I have 3 internet providers in the same environment, but distributed in different points/hosts. Sometimes a link is off while the others are okay. My idea is to centralize all connections in a server to guarantee that all hosts are online since at least one internet provider is working properly.

But I have a few questions.

  1. Is is possible to share all internet connections and serve them as they were a unique provider? So, when one is off the others could take care of the signal?

  2. In case the first question results in negative answer, what do I need to do in order to start developing a server that handles 3 simultaneous internet connections?

I have done network sharing before using Debian as a server, but never did failover system before. Thus, any point, tip, tutorial, online material, etc, is welcome.

Thanks in advance.

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    Commented Aug 10, 2017 at 23:00

2 Answers 2


YEs you can use all ISPs at the same time and also use as primary, secondary ISPs. Primary is the one which would be used by default and secondary would be used in case of failure of primary.

To know do this things, there are two options known to me.

1) You can use multiple Routers and configure them for redundancy protocols such as HSRP, VRRP or GLBP. You can find more about the configuration on youtube.

2) You can also implement this if you have a hardware firewall such as SonicWall, FortyGate, PIX or Juniper. There you can have multiple ISP connections and you can create the strategy about how the internet sharing could be done. You would also be able to more help on configuring firewall on youtube if you search for it.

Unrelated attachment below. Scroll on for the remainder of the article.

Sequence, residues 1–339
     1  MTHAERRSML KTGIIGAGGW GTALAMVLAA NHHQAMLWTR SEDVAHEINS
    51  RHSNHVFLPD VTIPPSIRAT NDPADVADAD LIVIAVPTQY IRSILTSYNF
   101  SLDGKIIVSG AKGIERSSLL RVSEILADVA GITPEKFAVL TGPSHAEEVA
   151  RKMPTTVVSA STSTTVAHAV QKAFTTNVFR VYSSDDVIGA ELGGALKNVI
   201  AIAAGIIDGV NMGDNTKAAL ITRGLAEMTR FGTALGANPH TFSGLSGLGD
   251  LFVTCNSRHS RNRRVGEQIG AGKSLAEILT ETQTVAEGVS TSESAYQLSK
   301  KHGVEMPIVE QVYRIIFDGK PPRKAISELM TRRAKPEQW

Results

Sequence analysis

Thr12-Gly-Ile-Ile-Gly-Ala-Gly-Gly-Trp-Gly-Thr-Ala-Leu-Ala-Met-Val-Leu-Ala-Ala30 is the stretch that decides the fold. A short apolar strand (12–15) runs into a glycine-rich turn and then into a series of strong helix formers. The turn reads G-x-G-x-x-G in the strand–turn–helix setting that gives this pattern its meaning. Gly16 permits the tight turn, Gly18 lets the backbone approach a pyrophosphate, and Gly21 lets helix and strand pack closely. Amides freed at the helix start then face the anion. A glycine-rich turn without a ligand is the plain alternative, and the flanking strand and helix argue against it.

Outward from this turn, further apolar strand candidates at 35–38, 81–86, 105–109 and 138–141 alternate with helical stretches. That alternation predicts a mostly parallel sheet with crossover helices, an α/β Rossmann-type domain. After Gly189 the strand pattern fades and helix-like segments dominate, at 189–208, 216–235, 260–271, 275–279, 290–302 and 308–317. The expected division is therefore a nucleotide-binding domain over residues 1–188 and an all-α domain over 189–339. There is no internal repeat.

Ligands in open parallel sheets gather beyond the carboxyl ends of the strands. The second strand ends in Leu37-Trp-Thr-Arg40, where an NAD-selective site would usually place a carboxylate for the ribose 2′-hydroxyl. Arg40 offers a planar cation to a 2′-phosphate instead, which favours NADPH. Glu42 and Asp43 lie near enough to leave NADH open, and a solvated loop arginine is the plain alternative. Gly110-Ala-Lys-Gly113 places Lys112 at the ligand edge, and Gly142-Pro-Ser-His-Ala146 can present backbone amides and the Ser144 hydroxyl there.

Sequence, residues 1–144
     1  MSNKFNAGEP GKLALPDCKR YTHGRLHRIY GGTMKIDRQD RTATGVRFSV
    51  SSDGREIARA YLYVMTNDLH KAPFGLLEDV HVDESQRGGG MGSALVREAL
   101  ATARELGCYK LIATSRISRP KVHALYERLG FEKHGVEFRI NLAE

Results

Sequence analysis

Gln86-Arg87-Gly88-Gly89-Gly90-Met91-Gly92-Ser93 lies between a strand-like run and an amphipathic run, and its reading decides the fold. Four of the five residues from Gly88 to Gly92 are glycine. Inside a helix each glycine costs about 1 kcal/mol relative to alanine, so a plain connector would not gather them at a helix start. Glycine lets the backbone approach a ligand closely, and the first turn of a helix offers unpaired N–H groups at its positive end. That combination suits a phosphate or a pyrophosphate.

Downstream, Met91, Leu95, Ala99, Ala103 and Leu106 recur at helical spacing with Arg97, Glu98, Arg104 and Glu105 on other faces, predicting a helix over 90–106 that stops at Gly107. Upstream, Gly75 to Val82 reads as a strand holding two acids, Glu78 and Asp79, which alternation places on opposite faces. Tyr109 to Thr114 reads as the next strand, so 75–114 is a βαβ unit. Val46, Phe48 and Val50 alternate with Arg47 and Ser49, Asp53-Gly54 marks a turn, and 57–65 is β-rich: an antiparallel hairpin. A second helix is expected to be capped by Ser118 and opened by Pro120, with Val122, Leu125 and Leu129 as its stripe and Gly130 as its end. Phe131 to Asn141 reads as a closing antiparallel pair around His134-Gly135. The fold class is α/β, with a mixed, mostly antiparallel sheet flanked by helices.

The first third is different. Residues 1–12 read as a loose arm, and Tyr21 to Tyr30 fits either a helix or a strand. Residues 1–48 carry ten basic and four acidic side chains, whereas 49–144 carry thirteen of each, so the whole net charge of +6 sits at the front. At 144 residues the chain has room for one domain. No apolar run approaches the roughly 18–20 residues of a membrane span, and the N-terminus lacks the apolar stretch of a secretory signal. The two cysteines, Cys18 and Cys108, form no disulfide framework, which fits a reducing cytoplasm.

There might be other ways also but I shared the ones I currently use. I would really like to know any other methods that could also be used for the same.


When it comes to ISP redundancy, if your circumstantes allow it i.e. you own a Public IP address or subnet; you could use BGP protocol which would connect you to internet with more than one ISP. They would both point your network from internet ad you could assign priority. That's a method.

Secondly you could have a load balancer like a Peplink device.You have multiple WAN ports on load balancers and can establish clever and flexible algorithms on it. You don't have to use such a device to use 1 active connection. In theory you could have 3 ISPs at the same time and divide your traffic on the way to the internet based on your source addresses, destination addresses and protocols for example.

Thirdly, you could use things like IP SLA commands to costantly check if one ISP available, as soon as it goes down the traffic could be diverted to second ISP. In order to do this you should have L3 devices that can support these capabilities.

Hope this helps.

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